The U.K. has applied to opt out of Europe-wide laws governing value added tax, a kind of sales tax, in an attempt to clamp down on criminals who use computer components to commit fraud.
Her Majesty's Revenue and Customs (HMRC) said Friday that it would be able to more effectively combat VAT fraud if the European Commission allows the changes to U.K. law.
VAT fraud, also called missing trader fraud, occurs when a company charges VAT on a sale of goods but doesn't return it to the government. Typically, those involved will move wholesale goods, such as mobile phones and processors, between European countries.
In the past, some--and in some cases have gone bust--when they bought goods that had previously been used in such a fraud. They were unable to recover the VAT that they paid when they bought the goods, because that VAT had not been paid to the government by the fraudsters.
The U.K. government wants to pull the rug from under such fraudsters by asking if it can change the way VAT is handled. At present, every link in such a chain pays VAT and then recovers it from the government. Under the government's proposal, the tax would only be levied at the end of the chain when the goods are sold to U.K. consumers.
"We're requesting to operate under different conditions, by taking out the mechanism that criminals use to commit fraud," an HMRC representative said.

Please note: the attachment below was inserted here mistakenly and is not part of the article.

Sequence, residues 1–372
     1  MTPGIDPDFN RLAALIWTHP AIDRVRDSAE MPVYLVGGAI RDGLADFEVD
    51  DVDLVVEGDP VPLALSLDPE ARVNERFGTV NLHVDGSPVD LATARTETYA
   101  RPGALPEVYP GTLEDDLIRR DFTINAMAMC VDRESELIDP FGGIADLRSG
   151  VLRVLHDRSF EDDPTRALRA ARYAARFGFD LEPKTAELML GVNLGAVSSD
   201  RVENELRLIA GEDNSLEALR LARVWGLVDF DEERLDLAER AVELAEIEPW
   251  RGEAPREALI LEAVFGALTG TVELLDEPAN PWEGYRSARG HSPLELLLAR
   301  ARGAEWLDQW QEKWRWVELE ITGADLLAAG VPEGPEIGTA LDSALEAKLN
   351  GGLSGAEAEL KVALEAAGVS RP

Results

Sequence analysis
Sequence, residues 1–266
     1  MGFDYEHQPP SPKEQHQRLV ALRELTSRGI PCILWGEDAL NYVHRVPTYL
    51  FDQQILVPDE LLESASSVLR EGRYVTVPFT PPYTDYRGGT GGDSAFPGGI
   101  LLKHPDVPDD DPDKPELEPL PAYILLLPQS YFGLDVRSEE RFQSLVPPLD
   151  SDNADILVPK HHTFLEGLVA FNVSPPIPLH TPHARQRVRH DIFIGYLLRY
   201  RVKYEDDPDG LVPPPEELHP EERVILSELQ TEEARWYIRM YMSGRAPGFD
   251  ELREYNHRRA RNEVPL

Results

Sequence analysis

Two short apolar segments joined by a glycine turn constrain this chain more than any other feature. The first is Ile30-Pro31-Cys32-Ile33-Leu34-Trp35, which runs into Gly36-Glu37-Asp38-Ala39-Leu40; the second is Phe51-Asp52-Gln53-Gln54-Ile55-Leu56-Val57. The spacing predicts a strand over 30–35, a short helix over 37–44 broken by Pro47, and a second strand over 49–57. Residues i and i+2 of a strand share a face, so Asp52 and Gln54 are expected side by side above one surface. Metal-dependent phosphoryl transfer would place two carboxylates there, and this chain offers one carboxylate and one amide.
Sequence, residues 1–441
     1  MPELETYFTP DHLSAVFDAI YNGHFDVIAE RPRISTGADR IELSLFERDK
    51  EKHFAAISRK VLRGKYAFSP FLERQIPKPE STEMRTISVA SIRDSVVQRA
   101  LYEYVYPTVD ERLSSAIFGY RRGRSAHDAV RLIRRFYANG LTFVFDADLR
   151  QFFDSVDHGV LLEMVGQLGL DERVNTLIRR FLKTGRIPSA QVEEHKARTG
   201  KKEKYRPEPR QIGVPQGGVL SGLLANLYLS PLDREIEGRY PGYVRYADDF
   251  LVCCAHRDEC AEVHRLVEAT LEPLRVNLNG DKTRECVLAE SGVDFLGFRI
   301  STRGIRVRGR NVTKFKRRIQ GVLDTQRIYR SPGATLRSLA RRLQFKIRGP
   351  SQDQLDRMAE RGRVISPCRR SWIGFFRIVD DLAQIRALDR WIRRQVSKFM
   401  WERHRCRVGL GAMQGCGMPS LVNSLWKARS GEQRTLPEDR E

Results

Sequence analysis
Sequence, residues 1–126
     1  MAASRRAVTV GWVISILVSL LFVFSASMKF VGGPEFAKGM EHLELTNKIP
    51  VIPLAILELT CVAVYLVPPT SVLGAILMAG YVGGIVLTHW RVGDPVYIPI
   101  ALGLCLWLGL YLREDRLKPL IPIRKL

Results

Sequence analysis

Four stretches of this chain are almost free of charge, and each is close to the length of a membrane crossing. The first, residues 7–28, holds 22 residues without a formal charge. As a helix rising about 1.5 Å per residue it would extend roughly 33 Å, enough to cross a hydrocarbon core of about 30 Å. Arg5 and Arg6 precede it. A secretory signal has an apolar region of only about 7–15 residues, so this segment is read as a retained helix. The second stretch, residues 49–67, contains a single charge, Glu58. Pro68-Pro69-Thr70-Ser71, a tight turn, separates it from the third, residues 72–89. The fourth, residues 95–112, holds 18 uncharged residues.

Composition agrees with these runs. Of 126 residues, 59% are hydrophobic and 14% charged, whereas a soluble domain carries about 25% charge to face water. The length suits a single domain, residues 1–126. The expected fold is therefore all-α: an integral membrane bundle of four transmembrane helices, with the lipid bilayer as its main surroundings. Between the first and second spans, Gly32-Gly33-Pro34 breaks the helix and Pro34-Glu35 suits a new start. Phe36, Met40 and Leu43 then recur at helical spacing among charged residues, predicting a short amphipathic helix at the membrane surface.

"I hope that the Commission and other member states will look favorably on our request, and that the U.K. can implement the proposed changes as soon as possible," Dawn Primarolo, the paymaster general, said in a statement.
Germany and Austria also have put in a request to opt out of part of the European VAT law.
The U.K. government's request comes after the European Court of Justice dealt a blow to the U.K.'s efforts to tackle tax fraudsters. Earlier this month, the court ruled that three companies, including two computer processor resellers, were entitled to reimbursement of their VAT.
The companies had been fighting a decision by the U.K. VAT and Duties Tribunal which said they could not claim VAT back on electronics equipment that may have been used in fraud.
One of the technology companies involved in this case was forced to cease trading, after the withdrawal of a VAT refund.
Tom Espiner of ZDNet UK reported from London.